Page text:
What’s it like to be a fire academy training instructor? We interviewed retired Battalion Chief and full-time Fire Academy Coordinator, Andy Densmore, to learn all about life as a teacher at Allan Hancock Academy in Lompoc, California.
HBO: How long have you been part of the Allan Hancock Fire Academy (AHFA) family?
AD: I’ve been associated with AHFA since the early 80’s. While serving as a full-time firefighter, I worked at AHFA as a California State Fire Training Instructor in several disciplines. I’m currently the AHFA Coordinator.
HBO: Would you consider the fire academy the foundation of the job?
AD: Yes, especially our Allan Hancock College Fire Academy. Seventeen and half weeks, Monday thru Friday, 7am – 6pm, Firefighter fitness, basic and advanced Firefighter skills and training.
HBO: What inspired you to be a fire training instructor?
AD: Throughout my 30-year career as a professional firefighter, I tried to stay at the top of my game through training. When I’d learn new skills or techniques, I couldn’t wait to get back to the department and share what I’d learned. That enthusiasm for sharing knowledge and skills grew into larger roles in department training and eventually the promotion to Battalion Chief and Training Officer.
HBO: Do you feel working full-time as a Firefighter while working as an AHFA Instructor kept you current on training techniques?
AD: Absolutely, both current and skilled.
HBO: Every instructor has a different teaching style. Is yours paramilitary, laid back, or somewhere in between?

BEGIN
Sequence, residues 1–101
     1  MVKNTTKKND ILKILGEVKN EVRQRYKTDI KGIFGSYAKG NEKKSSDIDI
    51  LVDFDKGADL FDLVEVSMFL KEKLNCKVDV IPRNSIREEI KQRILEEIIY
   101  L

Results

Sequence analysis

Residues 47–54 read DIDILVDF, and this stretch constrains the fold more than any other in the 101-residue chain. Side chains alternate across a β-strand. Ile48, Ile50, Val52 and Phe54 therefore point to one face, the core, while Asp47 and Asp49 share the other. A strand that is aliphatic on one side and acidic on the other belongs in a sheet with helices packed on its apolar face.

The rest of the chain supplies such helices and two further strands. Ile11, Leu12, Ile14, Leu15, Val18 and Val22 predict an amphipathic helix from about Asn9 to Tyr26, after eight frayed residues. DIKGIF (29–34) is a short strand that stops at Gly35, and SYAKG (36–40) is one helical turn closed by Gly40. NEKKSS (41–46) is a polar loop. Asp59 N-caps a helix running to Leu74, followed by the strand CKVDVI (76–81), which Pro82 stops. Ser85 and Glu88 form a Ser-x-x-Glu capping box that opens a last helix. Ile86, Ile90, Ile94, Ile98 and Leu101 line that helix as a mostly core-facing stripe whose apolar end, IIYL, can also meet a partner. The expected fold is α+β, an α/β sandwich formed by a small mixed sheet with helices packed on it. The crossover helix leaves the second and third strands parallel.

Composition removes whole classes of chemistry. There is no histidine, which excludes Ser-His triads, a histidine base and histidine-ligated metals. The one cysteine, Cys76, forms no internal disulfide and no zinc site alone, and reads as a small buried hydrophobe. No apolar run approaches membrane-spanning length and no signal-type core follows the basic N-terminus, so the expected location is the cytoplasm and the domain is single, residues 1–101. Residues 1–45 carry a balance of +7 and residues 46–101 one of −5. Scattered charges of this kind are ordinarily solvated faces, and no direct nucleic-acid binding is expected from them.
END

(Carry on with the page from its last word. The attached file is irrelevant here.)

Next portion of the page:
AD: There’s a time and place for all of that. Though our program begins in a very militaristic fashion, cadets can earn the respect of the cadre through performance, attention to detail, and adherence to procedures. While my personal teaching style encourages interaction and participation, deviations from accepted practices and procedures take us quickly back to basics.
HBO: What can a probie expect during the first week of fire training?
AD: Indoctrination: The importance of (and the insistence on) attention to detail, loyalty, pride, enthusiasm, strong work ethic, and a commitment to providing the highest level of service possible.
HBO: What training exercise is the most terrifying/challenging for most probies?
AD: SCBA Confidence Exercises and Firefighter Survival
HBO: What advice would give to a probie who absolutely hits their limit?
AD: You might not be adequately prepared for this. Either press on to finish your objective or tap out and reconsider your choice of profession.
HBO: Have you ever instructed a probie who you thought would never see graduation day, but he/she persevered?
AD: I’ve seen improvement in cadets, significant enough to have earned them the right to graduate our State Accredited Regional Fire Academy, on several occasions.
HBO: What advice would you give a probie on his/her first year working in a firehouse?
AD: Do what you’re told, remain humble and respectful, work your ass off, strive to prove that you deserve the position.
HBO: Did you instantly feel camaraderie the day you entered your own training over 30 years ago? Now that you’re a retired Battalion Chief, do you still feel like you are part of a brotherhood?
AD: Absolutely and absolutely. Back in the late 70’s we were assigned our position on the engine right away and we were expected to perform as part of the company from day one. I was lucky enough to be a part of a smaller municipal department and felt accepted right away. I feel the same enthusiasm for the Fire Service today, as I did on my first day on the job and I’ll always consider myself a Firefighter.
Thank you for your service, Chief Densmore. Cheers to you and all the probies you’ve guided along the way!